Checa Grabs Superpole with Record Breaking Lap

checa_phillip_island_superpoleFor the last week, Carlos Checa has been absolutely dominant at Phillip Island. Checa was at the top of the timesheets during the final pre-season World Superbike test, he led the free practice session and claimed the provisional pole yesterday. Today Checa set a record breaking lap to claim the first superpole trophy of the season.

Carlos Checa set a 1’30.882 lap time around the Phillip Island track. But despite Checa’s record setting time, Max Biaggi was still ale to finish within .013 seconds.

Biaggi has been setting respectable, but not impressive, lap times so far at Phillip Island. But today the returning World Superbike Champion threw down the gauntlet, and there is sure tobe a showdown between Biaggi and Checa tomorrow.

A second Ducati claimed the third place position, as Sylvain Guintoli gave the Effenbert / Liberty Racing team an impressive World Superbike debut.

Leon Haslam, took fourth aboard his BMW, and Eugene Laverty finished in fifth place about his Yamaha.

The World Superbike riders will face off for the first time tomorrow as the 2011 World Superbike season gets underway. Last year at Phillip Island, Haslam and Checa were able to take home victories.

Will 2011 see two riders taking home victories? Or will Checa be able to start the season off with a double?

2011 World Superbike – Superpole

  1. Carlos Checa – (Althea Racing) – 1’30.882
  2. Max Biaggi -(Aprilia Alitalia Racing Team) – 1’30.895
  3. Sylvain Guintoli – (Team Effenbert-Liberty Racing) – 1’31.293
  4. Leon Haslam – (BMW Motorrad Motorsport) – 1’31.429
  5. Eugene Laverty – (Yamaha World Superbike Team) – 1’31.858
  6. Jakub Smrz – (Team Effenbert-Liberty Racing) – 1’31.980
  7. Troy Corser – (BMW Motorrad Motorsport) – 1’32.182
  8. Marco Melandri – (Yamaha World Superbike Team) – 1’32.662
  9. Michel Fabrizio – (Team Suzuki Alstare) – 1’32.153

Courtesy of

Ducati Announces the 2011 848 EVO Club Racing Program

Ducati_848_EvoDucati announces today the launch of the 2011 848EVO Club Racing Contingency Program; a package to support riders campaigning Ducati’s new middleweight Superbike in regional race competition.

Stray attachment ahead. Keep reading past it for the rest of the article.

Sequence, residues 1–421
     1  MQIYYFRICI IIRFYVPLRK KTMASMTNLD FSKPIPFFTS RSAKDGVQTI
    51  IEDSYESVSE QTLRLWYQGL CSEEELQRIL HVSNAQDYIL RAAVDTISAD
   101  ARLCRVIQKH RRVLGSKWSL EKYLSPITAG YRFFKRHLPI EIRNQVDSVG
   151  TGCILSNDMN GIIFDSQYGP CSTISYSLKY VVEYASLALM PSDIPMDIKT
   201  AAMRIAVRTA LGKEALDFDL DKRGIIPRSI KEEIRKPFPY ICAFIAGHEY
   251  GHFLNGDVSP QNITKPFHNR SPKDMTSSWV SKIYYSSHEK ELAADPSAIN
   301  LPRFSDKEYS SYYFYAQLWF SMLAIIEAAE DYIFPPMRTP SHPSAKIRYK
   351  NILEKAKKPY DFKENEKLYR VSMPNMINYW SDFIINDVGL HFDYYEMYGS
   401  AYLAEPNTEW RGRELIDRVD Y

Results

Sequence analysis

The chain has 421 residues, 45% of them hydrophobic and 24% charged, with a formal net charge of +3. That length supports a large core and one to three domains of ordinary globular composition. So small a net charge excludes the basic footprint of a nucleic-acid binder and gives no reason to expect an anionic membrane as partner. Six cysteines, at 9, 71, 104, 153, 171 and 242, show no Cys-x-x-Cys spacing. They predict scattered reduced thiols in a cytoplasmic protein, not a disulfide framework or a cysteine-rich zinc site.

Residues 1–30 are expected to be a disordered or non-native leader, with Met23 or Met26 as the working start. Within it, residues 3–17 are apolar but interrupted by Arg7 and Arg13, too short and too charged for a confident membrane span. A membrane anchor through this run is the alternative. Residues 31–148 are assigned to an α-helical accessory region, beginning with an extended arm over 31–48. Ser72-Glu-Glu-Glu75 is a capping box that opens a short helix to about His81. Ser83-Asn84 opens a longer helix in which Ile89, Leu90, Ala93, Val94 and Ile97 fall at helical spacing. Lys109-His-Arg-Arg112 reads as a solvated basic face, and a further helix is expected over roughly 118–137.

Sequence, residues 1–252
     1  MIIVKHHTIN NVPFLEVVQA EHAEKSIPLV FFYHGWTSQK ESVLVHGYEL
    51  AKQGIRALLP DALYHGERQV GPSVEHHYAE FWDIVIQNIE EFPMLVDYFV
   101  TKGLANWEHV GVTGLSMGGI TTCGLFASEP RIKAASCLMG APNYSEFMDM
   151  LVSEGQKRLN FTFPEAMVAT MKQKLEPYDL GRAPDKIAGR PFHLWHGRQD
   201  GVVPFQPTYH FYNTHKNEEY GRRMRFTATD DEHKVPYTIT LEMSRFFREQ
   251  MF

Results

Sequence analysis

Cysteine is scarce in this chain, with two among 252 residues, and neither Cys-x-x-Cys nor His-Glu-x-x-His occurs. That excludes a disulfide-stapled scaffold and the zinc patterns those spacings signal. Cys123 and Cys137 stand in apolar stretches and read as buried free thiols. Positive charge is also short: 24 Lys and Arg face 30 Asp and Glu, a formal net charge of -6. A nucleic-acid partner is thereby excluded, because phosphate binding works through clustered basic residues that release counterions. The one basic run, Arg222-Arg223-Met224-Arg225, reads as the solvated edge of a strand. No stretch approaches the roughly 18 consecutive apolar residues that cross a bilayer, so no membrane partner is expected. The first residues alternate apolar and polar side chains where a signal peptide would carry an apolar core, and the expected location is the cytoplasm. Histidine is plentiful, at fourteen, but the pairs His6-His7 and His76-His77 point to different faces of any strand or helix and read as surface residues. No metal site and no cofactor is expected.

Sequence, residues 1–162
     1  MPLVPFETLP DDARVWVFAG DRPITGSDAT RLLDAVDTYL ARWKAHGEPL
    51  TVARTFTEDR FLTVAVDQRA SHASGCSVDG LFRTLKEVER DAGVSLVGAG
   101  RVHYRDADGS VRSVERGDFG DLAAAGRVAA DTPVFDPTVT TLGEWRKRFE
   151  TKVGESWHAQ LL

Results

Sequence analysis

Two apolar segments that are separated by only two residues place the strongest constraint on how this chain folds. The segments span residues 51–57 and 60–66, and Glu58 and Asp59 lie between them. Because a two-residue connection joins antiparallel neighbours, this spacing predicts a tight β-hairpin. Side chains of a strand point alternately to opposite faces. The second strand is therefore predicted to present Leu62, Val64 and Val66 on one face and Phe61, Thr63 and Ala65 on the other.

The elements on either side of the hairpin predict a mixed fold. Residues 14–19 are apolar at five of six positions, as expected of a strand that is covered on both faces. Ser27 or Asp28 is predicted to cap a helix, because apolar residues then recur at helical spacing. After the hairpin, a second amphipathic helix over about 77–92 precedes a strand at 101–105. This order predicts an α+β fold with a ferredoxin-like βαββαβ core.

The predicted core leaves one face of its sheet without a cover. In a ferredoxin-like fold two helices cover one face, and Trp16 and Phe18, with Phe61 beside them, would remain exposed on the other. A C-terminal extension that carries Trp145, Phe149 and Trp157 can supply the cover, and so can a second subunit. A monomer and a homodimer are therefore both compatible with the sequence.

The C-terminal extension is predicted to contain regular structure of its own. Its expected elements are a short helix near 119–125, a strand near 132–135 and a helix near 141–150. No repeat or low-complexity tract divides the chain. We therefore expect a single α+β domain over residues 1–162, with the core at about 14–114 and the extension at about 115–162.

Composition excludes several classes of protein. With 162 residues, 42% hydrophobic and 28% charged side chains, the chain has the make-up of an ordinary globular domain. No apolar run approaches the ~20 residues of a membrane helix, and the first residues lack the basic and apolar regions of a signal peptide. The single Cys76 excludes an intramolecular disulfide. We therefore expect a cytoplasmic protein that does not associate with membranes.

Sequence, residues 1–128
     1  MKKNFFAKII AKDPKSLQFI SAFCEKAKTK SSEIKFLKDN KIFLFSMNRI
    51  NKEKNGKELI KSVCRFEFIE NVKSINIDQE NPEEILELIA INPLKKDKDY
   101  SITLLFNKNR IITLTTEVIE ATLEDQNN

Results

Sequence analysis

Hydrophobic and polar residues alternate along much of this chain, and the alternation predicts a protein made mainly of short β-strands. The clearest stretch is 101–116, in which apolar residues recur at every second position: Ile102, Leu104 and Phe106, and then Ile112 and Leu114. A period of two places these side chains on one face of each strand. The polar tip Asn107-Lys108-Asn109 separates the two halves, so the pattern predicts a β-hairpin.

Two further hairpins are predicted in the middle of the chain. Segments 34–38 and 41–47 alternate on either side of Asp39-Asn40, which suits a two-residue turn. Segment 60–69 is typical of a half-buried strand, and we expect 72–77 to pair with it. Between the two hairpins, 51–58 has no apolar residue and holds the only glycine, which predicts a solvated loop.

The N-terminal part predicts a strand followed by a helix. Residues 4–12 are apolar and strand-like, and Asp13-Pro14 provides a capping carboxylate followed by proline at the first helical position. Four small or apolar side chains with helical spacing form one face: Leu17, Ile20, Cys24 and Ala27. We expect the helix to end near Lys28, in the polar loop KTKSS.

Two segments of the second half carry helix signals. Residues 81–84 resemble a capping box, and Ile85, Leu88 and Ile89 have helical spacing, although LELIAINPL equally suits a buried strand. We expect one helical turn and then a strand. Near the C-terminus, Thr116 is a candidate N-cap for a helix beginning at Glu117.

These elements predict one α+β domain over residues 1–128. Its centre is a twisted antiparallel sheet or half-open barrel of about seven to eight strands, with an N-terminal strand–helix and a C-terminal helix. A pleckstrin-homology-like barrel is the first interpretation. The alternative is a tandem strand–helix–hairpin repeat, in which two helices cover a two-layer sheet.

Ducati continues to push the envelopes of racing performance and technology. The new 848EVO is a direct result of these ambitions combined with years of development while racing the 848 Superbike. In 2011, Ducati riders from around the nation will be competing for one of the best contingency programs available.

The 848EVO Club Racing Contingency Program is open to any rider competing on a Ducati 848EVO Superbike purchased from an authorized US Ducati dealer. Payouts will be made in Ducati credit vouchers for the amounts of $700, $300 and $150; representing 1st, 2nd, and 3rd place finishes.

The regional series supported by the program are CCS, CMRA, WSMC, MRA, OMMRA, WMRRA, and AFM. There will be 109 races eligible for payout under the program, a minimum of three race weekends per series, and two-to-three classes paying out per race meeting. The 2011 program is Ducati’s best in years, and underlines the brand’s confidence in the capabilities of the new 848EVO.

Ducati is also pleased to announce the nine competing riders it has careful selected as part of the 848EVO Club Racing Program. Jim Chaconas, Howard Crow, Jose Flores, Doug Hillius, Ryan Jones, Barrett Long, Brent Lyskawa, Stefano Mesa and Joel Spalding will be representing the iconic brand on their new 848EVO race bikes throughout the full 2011 season.

For full details about the 2011 848EVO Club Racing Contingency program- including all dates, forms and eligible classes- please visit

[Press Release and Photo Courtesy of Ducati]

Here We Go Again: Motorcycle-Only Checkpoints

CheckpointsBack in October, I reported on motorcycle-only checkpoints that were not only common practice in some states, but were funded by a federal grant program. Our readers were quite vocal in their dismay at such a practice. Well, here we go again.

The Georgia State Patrol plans on conducting motorcycle-only traffic checkpoints. The concern is that these checkpoints will subject thousands of motorcyclists to required inspections if they are set up before, during, and after Daytona Bike Week. Obviously, as a neighboring state to Florida, Georgia would be a travel route for thousands of riders heading south to Daytona.

Fairness and legal questions abound. Where is the proof that motorcycle-only checkpoints increase the safety of motorcyclists? Do states have the authority to conduct motorcycle-only checkpoints? Is “probable cause” required to stop a motorcycle and, if so, what constitutes probable cause? Despite these concerns, the National Highway Traffic Safety Administration (NHTSA) has given Georgia a $70,000 grant to conduct roadside motorcycle-only checkpoints. New York State has operated a similar program.

The American Motorcyclist Association is calling on motorcyclists nationwide to protest the practice. Ed Moreland, AMA senior vice president for government affairs states, “The AMA believes that the primary source of motorcycle safety is in motorcycle crash prevention and not in arbitrarily pulling over riders and randomly subjecting them to roadside inspections.” He continues, “No public money should be applied to promoting such a program without first addressing questions from the motorcycling community.”

So again we ask – is this kind of singling out of motorcyclists fair? Give us your thoughts.

Courtesy of

Tips from the Master Kevin Schwantz

KSWe ran across a list of track tips attributed to Kevin Schwantz to make your first track day better. We trimmed down the list and will be looking at a few of the items in detail. We are focusing on tips for setting up for a turn and getting through the turn. The list of tips from Kevin Schwantz: